- Not a Smartphone App
- Just What Do Lens Filters Do?
- Do I Need a Lens Filter for Protection
- What are the Best Lens Filters?
- Which Filters are the Best Filters for Beginners?
- Using Polarizer Filters
- Filter Holder Systems
- Neutral Density and Graduated Neutral Density Filters
- What Lens Filter Should I Use?
photo by Koldunova_Annavia iStock
What is a lens filter? What does a lens filter do? Do I need a lens filter?
These are some of the questions asked by photographers from absolute beginners to advanced enthusiasts.
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Not a Smartphone App
Photo by Rami Al-zayat on Unsplash
When a photographer discusses filters, they may be discussing an application used on the ever-increasingly sophisticated smartphone cameras. Some of these apps are capable of very impressive effects.
For this discussion, though, we’ll be examining physical filters that attach to a lens in one way or another.
Just What Do Lens Filters Do?
In the most basic of definitions, a lens filter attenuates the light passing through a lens. In other words, it changes the light coming through the lens.
Photo by Christian Fregnan on Unsplash
The change could be diminishing the intensity of the light. It may be that the filter either adds or subtracts a particular color. Filters can also eliminate certain types of glare or haze, allowing you to see through water or glass.
A filter can also act as a protective barrier for preventing damage to the front element of a lens.
Do I Need a Lens Filter for Protection?
The firm, definitive answer is … Maybe
There are two schools of thought here. One, a relatively inexpensive piece of glass can take the brunt of anything that could damage the exposed front element of your valuable lens. Two, why put a possibly inferior piece of glass right in the light path of your superbly designed lens?
photo by Dimitris66 via iStock
Both points are valid, but I do like to point out that a rigid lens hood can provide great protection against inadvertently bumping into things with your lens.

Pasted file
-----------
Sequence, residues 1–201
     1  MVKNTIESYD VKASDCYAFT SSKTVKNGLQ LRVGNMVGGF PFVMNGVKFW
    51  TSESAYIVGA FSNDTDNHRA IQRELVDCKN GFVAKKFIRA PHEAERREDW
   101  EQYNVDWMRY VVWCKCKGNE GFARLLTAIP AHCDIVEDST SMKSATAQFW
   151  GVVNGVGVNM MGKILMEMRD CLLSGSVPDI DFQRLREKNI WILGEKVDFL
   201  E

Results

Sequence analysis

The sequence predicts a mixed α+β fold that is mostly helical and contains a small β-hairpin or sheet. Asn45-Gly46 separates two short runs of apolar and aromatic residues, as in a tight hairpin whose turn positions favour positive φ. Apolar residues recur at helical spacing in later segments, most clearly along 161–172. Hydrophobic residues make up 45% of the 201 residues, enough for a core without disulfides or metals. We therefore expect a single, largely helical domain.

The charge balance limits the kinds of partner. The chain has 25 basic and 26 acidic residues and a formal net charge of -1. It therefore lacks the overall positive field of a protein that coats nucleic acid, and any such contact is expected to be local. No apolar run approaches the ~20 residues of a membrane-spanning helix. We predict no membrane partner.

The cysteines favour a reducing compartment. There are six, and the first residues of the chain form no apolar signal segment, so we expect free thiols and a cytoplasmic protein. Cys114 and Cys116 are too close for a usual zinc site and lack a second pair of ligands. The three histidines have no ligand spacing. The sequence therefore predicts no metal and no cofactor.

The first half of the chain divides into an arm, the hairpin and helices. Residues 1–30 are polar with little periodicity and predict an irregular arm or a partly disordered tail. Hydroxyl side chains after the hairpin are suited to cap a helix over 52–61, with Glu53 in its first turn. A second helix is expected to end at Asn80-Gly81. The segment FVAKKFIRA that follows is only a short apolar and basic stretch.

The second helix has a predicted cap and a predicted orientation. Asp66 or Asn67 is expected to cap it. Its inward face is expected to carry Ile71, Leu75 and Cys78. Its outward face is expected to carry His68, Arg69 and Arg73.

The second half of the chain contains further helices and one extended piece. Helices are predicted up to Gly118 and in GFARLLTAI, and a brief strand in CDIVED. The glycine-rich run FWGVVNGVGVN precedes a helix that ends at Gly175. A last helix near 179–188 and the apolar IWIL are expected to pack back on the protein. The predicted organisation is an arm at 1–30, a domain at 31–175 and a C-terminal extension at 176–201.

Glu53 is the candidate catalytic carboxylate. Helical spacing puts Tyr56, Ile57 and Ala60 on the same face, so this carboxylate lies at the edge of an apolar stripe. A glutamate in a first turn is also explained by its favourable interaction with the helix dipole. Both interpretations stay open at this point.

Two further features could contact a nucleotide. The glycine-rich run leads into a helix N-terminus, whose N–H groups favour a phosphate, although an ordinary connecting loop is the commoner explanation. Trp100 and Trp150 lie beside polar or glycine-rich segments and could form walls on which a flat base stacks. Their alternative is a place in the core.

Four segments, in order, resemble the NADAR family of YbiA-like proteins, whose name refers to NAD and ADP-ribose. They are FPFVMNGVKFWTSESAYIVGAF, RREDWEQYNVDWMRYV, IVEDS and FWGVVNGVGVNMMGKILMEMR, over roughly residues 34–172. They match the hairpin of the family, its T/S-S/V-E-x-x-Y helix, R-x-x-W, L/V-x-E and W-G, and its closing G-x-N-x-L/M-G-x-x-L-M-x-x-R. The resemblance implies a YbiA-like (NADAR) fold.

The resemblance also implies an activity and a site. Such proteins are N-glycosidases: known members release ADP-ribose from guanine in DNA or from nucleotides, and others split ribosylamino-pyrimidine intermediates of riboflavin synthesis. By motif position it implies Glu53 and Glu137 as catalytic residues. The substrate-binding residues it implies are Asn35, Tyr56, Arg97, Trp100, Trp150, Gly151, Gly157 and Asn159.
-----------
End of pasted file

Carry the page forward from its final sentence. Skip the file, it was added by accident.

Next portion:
What Are the Best Lens Filters?
Among the most common lens filters that are great for many types of photography are polarizer filters, neutral density filters, variable neutral density filters, and graduated neutral density filters.
You may notice what seems like a curious absence on this list. I didn’t list color filters or special effects filters. Primarily because there aren’t a lot of reasons to use them on a regular basis. It doesn’t mean they’re bad filters, just that their usefulness is limited.
In the days of film photography, color filters were used a lot. I used to carry a filter wallet with about a dozen color filters inside. Colors like red, orange, and yellow were used to change contrast in black and white film.
photo by VladK213 via iStock
Color correction filters were used to balance color film types with certain types of light, something that is now done in-camera or with an image processing program.
Other special effects filters are fine for limited use, such as a star point filter or a multi-prism filter. Trust me, the initial thrill of using these filters soon fades. But they can be fun from time to time.
Which Filters are the Best Lens Filters for Beginners?
Hands down, I recommend starting out with a high-quality polarizing filter. A polarizer filter attenuates polarized light reaching your lens. That means that light rays which are reflected in many different directions are corralled by the filter.